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Blood type a

Blood type a

Blood type a

The letters of the alphabet are typically used to refer to certain traits or attributes.There are four major blood groups determined by the presence or absence of two antigens, A and B, on the surface of red blood cells. In addition to the A and B antigens, there is a protein called the Rh factor, which can be either present (+) or absent (–), creating the 8 most common blood types (A+, A-, B+, B-, O+, O-, AB+, AB-). The ABO blood group system involves two antigens and two antibodies found in human blood. The two antigens are antigen A and antigen B. The two antibodies are antibody A and antibody B. The antigens are present on the red blood cells and the antibodies in the serum. Regarding the antigen property of the blood all human beings can be classified into 4 groups, those with antigen A (group A), those with antigen B (group B), those with both antigen A and B (group AB) and those with neither antigen (group O). The antibodies present together with the antigens are found as follows:

BLOOD

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antibodies against type B red cells. If, in transfusion, type B blood is injected into persons with type A blood, the red cells in the injected blood will be destroyed by the antibodies in the recipient’s blood. In the same way, type A red cells will be destroyed by anti-A antibodies in type B blood. Type O blood can be injected into persons with type A, B, or O blood unless there is incompatibility with respect to some other blood group system also present. Persons with type AB blood can receive type A, B, or O blood.A blood type (also known as a blood group) is a classification of blood, based on the presence and absence of antibodies and inherited antigenic substances on the surface of red blood cells (RBCs). These antigens may be proteins, carbohydrates, glycoproteins, or glycolipids, depending on the blood group system. Some of these antigens are also present on the surface of other types of cells of various tissues. Several of these red blood cell surface antigens can stem from one allele (or an alternative version of a gene) and collectively form a blood group system.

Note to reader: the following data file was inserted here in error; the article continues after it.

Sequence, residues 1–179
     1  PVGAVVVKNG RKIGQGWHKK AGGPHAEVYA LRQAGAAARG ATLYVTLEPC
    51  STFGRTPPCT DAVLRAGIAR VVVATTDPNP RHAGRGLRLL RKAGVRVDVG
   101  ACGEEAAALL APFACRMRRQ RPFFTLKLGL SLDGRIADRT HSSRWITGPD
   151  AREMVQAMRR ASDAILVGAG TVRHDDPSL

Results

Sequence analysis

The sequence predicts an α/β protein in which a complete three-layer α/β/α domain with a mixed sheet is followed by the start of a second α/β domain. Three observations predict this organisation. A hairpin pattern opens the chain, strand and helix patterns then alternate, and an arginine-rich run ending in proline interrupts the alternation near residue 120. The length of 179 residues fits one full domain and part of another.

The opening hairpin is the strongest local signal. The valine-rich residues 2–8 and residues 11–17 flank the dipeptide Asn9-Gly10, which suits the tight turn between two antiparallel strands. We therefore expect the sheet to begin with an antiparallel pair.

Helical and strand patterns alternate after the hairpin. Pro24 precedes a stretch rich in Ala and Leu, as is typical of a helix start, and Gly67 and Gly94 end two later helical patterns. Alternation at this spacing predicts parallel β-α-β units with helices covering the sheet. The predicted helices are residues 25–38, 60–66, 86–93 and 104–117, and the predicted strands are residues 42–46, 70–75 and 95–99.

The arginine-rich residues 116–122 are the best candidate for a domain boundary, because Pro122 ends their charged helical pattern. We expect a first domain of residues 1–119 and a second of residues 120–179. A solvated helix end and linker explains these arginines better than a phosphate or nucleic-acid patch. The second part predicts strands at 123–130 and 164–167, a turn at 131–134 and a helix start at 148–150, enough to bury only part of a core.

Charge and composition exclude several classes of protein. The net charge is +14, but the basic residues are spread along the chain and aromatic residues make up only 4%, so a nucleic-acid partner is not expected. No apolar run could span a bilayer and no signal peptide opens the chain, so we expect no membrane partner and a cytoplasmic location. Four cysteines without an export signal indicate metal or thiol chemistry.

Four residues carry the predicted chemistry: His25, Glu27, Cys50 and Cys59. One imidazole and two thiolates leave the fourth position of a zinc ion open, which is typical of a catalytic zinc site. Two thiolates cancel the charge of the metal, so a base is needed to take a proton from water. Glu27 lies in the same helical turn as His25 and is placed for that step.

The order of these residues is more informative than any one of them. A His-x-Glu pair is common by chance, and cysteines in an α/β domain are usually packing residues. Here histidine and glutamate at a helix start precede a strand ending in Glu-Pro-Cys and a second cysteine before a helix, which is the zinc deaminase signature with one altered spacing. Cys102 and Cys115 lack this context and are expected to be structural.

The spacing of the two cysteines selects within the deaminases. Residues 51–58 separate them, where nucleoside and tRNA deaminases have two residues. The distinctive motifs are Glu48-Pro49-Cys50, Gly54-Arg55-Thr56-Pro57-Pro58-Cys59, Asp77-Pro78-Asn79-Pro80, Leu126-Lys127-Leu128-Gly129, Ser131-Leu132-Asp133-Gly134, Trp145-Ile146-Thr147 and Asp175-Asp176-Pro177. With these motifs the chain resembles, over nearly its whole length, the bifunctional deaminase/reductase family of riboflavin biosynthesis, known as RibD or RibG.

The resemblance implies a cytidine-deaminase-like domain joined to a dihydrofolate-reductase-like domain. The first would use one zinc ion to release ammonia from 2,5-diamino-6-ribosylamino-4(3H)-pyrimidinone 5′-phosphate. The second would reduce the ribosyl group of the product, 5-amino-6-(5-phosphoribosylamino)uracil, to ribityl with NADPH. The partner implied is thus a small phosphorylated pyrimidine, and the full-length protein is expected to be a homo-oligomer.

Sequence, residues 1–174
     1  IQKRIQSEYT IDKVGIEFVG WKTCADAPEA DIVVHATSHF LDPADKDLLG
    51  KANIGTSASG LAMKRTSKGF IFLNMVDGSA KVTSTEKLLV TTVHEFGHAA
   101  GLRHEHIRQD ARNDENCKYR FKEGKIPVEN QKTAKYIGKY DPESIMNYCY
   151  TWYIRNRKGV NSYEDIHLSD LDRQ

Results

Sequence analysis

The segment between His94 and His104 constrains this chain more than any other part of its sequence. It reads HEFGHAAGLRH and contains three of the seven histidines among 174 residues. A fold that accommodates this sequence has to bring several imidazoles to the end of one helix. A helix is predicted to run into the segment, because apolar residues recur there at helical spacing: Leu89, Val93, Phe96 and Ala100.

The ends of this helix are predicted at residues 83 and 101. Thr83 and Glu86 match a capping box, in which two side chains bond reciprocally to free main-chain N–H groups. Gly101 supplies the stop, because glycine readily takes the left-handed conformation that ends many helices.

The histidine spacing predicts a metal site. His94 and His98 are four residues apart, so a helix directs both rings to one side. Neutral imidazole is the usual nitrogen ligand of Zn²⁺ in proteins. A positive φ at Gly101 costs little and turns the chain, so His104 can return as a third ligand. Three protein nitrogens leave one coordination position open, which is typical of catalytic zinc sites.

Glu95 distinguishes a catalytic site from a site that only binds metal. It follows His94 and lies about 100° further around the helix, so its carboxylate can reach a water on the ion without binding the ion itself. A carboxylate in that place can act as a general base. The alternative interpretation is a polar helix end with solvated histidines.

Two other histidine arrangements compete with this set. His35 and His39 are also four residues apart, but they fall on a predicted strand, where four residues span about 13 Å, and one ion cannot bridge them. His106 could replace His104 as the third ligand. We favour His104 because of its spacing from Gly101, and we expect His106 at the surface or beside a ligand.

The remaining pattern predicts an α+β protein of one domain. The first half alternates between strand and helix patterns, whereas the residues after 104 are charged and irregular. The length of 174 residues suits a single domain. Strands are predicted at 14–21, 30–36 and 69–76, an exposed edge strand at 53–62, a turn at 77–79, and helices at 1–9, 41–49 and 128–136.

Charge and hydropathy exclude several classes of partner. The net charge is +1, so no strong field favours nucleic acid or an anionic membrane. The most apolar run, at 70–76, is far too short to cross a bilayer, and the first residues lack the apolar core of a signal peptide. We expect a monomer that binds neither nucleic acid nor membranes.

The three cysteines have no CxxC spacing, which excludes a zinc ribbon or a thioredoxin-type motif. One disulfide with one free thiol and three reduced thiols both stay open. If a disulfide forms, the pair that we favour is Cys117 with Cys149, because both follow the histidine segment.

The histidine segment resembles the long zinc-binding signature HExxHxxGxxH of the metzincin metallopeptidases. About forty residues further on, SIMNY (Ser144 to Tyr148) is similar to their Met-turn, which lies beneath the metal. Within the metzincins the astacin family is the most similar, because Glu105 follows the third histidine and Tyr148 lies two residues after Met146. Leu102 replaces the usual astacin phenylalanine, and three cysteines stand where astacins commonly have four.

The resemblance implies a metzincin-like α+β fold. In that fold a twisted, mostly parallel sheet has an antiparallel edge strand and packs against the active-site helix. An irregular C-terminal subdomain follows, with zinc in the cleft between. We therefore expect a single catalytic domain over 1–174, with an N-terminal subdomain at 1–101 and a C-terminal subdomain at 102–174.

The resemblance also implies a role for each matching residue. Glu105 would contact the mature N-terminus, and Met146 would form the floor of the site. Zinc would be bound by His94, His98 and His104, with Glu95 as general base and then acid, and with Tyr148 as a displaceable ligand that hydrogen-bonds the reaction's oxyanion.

Another more common cause of blood type change is a bone marrow transplant. Bone-marrow transplants are performed for many leukemias and lymphomas, among other diseases. If a person receives bone marrow from someone of a different ABO type (e.g., a type A patient receives a type O bone marrow), the patient's blood type should eventually becomes the donor's type, as the patient's hematopoietic stem cells (HSCs) are destroyed, either by ablation of the bone marrow or by the donor's T-cells. Once all the patient's original red blood cells have died, they will have been fully replaced by new cells derived from the donor HSCs. Provided the donor had a different ABO type, the new cells' surface antigens will be different from those on the surface of the patient's original red blood cells. The ABO blood group system involves two antigens and two antibodies found in human blood. The two antigens are antigen A and antigen B. The two antibodies are antibody A and antibody B. The antigens are present on the red blood cells and the antibodies in the serum. Regarding the antigen property of the blood all human beings can be classified into 4 groups, those with antigen A (group A), those with antigen B (group B), those with both antigen A and B (group AB) and those with neither antigen (group O). The antibodies present together with the antigens are found as follows: (Source: en.wikipedia.org)

 

 

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